The Arab Human Development Report 2009 focuses on economic insecurity associated with poverty from two interrelated perspectives: income poverty and human poverty. Income poverty is defined in terms of people’s enjoyment of goods and services, represented in real per capita consumption expenditure. Income poverty takes into account both the international poverty line at $2 a day and national poverty lines. Human poverty, on the other hand, is defined by income as well as by other significant dimensions of life, such as education, health and political freedom.
The report estimates that the overall poverty rate in the Arab region is 39.9 per cent and the number of Arabs living in poverty could be as high as 65 million or about 20 per cent of the population. The overall poverty rates in the Arab world range from 59.5 per cent in Yemen and about 40 per cent in Egypt to 28.6--30 per cent in Lebanon and Syria. In Somalia alone five million people live in poverty. Income poverty, and the insecurity associated with it, is more widespread in the rural areas. Human poverty, as reflected in the deprivation of capabilities and opportunities, is far more widespread in the Arab countries than income poverty. The report reveals that in most Arab countries, inequalities and social exclusion have increased over the past two decades.
The report points out that despite its abundant natural resources, hunger and malnutrition in Arab countries are rising. According to Food and Agriculture Organisation (FAO) figures, Arab countries have a low ratio of undernourished people to the total population. Yet it is one of the two regions in the world -- the other being sub-Saharan Africa -- where the number of undernourished people has risen since the beginning of the 1990s -- from about 19.8 million in 1990-1992 to 25.5 million in 2002-2004. The report notes that the main direct causes of hunger in the Arab world are poverty, foreign occupation, domestic conflict and economic policies for dealing with globalisation.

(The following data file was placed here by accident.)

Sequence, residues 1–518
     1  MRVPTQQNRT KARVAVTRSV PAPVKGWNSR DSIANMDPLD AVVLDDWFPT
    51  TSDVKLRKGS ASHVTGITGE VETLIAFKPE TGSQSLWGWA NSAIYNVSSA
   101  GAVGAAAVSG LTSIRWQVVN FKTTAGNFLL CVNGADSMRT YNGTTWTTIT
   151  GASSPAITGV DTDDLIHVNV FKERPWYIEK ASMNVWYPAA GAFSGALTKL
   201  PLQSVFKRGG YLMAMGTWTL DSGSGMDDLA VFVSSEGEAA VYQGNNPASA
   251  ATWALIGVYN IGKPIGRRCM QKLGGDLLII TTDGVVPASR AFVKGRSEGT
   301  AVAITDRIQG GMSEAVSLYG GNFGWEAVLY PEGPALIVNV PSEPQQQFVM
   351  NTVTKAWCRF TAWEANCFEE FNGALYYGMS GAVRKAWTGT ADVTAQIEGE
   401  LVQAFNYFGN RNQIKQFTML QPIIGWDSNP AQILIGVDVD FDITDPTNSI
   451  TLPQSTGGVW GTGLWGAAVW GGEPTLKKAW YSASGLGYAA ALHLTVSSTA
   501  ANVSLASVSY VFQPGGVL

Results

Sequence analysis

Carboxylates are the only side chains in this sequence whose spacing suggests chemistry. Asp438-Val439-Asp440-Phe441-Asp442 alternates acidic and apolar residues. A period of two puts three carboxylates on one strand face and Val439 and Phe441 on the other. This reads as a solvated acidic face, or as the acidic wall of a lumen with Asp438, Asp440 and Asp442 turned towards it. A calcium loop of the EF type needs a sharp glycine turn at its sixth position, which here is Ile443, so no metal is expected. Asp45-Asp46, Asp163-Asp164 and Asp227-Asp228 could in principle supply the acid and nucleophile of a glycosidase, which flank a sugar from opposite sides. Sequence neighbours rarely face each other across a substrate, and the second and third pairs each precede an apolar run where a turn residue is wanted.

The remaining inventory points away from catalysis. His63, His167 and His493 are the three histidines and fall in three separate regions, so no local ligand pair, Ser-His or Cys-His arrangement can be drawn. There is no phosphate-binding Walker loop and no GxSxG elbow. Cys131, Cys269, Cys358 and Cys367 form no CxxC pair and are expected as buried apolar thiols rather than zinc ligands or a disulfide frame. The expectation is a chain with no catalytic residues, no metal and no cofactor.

Rates of poverty and inequality are extremely high in Indonesia. According to official estimates, 11.7% of the population live below the poverty line. In reality, nearly a third of Indonesians live on less than $2 a day. On the other hand, the ranks of the superrich are swelling, and the gap between the rich and the poor are widening. While consumption by the richest 20% has grown by 5.9%, the share of the poorest 40% of households has been only 1.3%. The luxury sports car Lamborghini opened its stores in Indonesia in 2009 and now the country is its third-largest market in the Asia-Pacific region. The gap between the rich and the poor is starkly reflected in the luxurious lifestyle of Indonesia’s superrich, who love to flaunt the expensive, trendy Hermes Channel and Louis Vuittons handbags that cost from $1,000 to 50,000.
In several Muslim countries, disadvantaged and marginalized groups and ethnic minorities experience widespread discrimination, stigmatization and exclusion. Al-Akhdam (plural of khadim, meaning “servant” in Arabic) are the most marginalized and despised ethnic group in Yemen. Though they are Arabic-speaking Muslims, their dark skin colour, rather short stature and other physical features differentiate them from the mainstream population. According to some researchers, the Akhdam are descendants of Ethiopian invaders who conquered and occupied Yemen for a brief period some 15 centuries ago. They are estimated to number between half a million and one million and are concentrated in segregated shantytowns on the fringes of San’a and other cities. They eke out a living by taking up menial and low-paid jobs such as sweeping the streets, cleaning of latrines and collecting scrap. The Akhdam are considered untouchables and treated with scorn. Very few children from the community are enrolled in school.